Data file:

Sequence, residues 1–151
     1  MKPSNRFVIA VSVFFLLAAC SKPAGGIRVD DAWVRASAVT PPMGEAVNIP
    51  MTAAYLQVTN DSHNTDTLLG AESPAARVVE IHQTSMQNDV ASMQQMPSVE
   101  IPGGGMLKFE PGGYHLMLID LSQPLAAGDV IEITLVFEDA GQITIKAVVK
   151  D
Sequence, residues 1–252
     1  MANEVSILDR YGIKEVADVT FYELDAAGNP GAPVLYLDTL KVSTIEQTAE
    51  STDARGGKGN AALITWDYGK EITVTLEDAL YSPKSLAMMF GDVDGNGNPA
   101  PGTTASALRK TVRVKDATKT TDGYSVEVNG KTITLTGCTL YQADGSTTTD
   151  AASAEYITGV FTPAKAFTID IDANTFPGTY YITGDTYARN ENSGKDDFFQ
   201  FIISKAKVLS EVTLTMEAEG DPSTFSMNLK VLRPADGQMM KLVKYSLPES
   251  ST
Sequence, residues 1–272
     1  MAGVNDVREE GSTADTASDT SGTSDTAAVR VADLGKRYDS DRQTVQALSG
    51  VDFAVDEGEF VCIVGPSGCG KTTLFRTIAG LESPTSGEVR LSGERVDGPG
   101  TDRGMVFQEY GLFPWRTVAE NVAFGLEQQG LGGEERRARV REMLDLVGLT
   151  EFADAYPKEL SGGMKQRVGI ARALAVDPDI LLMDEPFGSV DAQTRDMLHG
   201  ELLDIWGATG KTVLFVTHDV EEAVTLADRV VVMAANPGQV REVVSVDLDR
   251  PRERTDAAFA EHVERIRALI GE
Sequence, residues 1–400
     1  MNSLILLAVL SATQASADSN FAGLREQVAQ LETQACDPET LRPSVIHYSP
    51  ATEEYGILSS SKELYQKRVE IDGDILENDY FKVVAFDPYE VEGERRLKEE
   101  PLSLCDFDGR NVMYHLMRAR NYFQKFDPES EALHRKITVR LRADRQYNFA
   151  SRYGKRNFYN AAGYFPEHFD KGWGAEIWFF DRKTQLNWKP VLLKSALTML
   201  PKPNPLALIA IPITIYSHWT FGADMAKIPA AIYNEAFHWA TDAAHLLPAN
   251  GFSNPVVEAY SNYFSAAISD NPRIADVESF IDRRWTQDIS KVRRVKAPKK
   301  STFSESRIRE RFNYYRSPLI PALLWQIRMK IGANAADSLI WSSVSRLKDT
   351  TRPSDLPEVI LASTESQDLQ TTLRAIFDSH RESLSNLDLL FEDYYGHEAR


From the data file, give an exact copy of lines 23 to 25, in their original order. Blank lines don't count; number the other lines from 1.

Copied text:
   101  PLSLCDFDGR NVMYHLMRAR NYFQKFDPES EALHRKITVR LRADRQYNFA
   151  SRYGKRNFYN AAGYFPEHFD KGWGAEIWFF DRKTQLNWKP VLLKSALTML
   201  PKPNPLALIA IPITIYSHWT FGADMAKIPA AIYNEAFHWA TDAAHLLPAN